Balancing Work & Infertility Treatments

Last week, I wrote a post on work & infertility where I ask you readers how you balanced both.

To recap, working and undergoing infertility treatments is hard. For many women, this can sometimes even be impossible.

You need the money to afford the treatments but, in turn, may not be able to attend the appointments/procedures required. It’s a slippery slope.

While everyone’s situation is unique to them, I feel like the feedback I received on my earlier post was good food for thought.

Here is what you ladies shared with me:

-Several women who responded reported working jobs from home in order to have control of their schedules. By doing so, they avoid forfeiting an extra income & still get to have a more flexible schedule that allows them to attend appointments.

-Others said they reduced down to only part time positions in order to do the same. While they did take a pay cut in doing so, they also got to keep some of their income & still maintain more of a flexible schedule.

-Some of the ladies shared that being teachers allowed them to make their infertility appts because 1.) they could schedule appointment later in the day (verses a 8-5 job) & 2.) their summers were able to be utilized for treatments.

-Scheduling appointments super early around 7 (if possible), or 8.

-This was a piece of advice unique to me in beginning a new job from Dani at The Great Pudding Club Hunt: “You could potentially be upfront with your new employer when you negotiate a start date to say I can start now, but I should tell you that I will have roughly this many doctors appointments in the coming 2 you think we could work out a plan? You don’t need to tell them why exactly.”

-Dani also added, “I have also been really open with my employer about my treatment….so I gave them lots of warning that I would be on sick leave at some point during week X, and so blocked out meetings/arranged for cover for the whole week, even though I knew I would only be out for 1 or 2 days. That seemed to work for me.”

Nara from Zero To Zygote said, “I think in terms of the appointments, what helped me was making a spreadsheet (geek!) listing out the dates and the possible days I would need to be free, based on my dates in IVF 1. This meant that I had a good idea of when I would need to try and be more “flexible” at work and also when we couldn’t be away, etc.”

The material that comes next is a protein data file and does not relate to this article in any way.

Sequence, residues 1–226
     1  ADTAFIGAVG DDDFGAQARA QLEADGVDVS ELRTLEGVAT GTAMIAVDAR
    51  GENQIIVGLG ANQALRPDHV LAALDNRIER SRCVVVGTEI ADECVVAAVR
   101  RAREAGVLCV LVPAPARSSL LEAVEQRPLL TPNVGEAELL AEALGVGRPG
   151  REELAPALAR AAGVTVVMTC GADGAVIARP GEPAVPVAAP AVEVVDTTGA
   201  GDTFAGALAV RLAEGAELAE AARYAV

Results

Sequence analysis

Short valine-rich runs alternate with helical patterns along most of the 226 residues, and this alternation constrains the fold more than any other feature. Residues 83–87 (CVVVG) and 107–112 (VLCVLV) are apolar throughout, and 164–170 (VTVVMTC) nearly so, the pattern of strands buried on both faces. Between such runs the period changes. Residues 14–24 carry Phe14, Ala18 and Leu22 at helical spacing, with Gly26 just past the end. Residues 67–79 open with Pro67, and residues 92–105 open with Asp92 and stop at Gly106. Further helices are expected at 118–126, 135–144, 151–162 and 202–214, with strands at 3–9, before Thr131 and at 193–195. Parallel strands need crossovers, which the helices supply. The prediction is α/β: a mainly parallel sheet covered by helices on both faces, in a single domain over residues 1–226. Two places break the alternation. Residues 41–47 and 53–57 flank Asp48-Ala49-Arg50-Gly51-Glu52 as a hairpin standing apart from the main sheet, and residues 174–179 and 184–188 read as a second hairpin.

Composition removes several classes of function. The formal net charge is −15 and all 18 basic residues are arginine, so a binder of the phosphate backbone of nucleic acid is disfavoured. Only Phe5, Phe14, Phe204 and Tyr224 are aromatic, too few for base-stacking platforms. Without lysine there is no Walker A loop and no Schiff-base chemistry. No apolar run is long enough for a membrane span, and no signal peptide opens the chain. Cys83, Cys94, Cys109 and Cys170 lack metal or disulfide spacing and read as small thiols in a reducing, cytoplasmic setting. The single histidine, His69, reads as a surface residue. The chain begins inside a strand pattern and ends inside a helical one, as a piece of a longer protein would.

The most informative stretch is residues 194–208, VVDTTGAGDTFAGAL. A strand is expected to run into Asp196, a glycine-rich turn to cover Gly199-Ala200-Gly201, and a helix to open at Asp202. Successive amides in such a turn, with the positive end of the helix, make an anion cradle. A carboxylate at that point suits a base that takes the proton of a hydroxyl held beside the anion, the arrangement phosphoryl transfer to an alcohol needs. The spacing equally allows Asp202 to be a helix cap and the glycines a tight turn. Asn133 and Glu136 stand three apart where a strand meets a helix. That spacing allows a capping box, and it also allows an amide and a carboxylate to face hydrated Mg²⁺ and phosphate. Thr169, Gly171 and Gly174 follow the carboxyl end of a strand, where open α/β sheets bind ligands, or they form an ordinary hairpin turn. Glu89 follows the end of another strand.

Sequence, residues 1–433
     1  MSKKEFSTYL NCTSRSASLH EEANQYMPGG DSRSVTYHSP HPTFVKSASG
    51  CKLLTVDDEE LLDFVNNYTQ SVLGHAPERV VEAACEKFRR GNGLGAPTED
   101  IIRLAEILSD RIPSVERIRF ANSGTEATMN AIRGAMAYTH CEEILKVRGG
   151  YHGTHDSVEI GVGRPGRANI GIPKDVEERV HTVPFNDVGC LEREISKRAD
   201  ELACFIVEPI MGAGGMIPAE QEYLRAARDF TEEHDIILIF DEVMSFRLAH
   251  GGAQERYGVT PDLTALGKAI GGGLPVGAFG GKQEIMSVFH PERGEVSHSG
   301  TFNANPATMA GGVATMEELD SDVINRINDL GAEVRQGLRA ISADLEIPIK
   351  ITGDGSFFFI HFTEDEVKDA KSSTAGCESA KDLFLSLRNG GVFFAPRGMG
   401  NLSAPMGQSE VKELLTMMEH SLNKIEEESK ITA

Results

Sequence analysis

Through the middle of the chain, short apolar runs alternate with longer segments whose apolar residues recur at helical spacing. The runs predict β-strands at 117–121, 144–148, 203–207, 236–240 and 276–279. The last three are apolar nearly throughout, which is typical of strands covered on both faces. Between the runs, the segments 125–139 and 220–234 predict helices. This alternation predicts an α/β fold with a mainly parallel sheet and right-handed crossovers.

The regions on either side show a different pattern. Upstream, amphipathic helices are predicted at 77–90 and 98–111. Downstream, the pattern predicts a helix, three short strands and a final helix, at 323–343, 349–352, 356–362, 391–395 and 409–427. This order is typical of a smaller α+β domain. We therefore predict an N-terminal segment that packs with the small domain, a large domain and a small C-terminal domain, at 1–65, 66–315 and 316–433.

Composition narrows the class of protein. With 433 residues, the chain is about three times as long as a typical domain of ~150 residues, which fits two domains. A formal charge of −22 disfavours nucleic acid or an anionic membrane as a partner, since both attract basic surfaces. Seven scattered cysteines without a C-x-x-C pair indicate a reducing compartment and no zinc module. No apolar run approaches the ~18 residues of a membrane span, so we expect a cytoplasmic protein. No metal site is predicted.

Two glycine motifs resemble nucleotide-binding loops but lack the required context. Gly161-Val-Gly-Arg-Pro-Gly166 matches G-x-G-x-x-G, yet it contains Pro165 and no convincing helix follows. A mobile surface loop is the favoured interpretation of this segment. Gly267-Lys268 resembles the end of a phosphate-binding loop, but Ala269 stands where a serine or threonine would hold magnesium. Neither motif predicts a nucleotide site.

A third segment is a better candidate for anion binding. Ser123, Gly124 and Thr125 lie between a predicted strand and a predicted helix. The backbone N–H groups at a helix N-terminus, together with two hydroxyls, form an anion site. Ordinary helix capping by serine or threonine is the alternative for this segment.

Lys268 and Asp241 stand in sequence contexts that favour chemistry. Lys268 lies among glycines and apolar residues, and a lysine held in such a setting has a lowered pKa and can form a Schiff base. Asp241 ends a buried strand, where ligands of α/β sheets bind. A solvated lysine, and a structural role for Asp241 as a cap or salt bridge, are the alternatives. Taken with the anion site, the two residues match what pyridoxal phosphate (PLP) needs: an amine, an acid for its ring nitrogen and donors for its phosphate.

-Also from Nara, ” I’d take the week off for stims – when you have to go in every other day for scans. In the event, I didn’t need to as I was working my notice and they don’t care if you’re in or not! But I definitely think you need to 1) Know what the possible date ranges are; 2) Preferably take time off when you have a bunch of appointments (mainly stims, egg collection) as that is a lot less stressful than trying to make excuses at work.”

An Update On My Situation:

Ultimately, I was offered the job I spoke about in my previous post & accepted it. I’ll be starting tomorrow.

I’ve decided to give it a shot &, if it’s impossible to make appointments &/or the job itself just isn’t for me, I can step out.

In the meantime, we’ll have some extra income to put back for future infertility treatments!

What do you ladies think about this list?????? Is there anything you’d add??????? 


5 thoughts on “Balancing Work & Infertility Treatments

  1. congratulations on your new job! How far away is your clinic from your house? Do you think you’d be able to get early appointments there and still make it to work ontime? I think though it is hard managing work with infertility treatment, is can be manageable. It helps if you have options like flexi time or if your boss is understanding about you needing time off for appointments

    Liked by 1 person

  2. Congrats on your new job! Loved reading your post as I am hoping to begin the surrogacy process within the next year or two. I also am beginning a new career and have no idea how I’m possibly going to be able to make it work. I’m sure we’ll figure it out though! Only time will tell. Good luck with everything!

    Liked by 1 person

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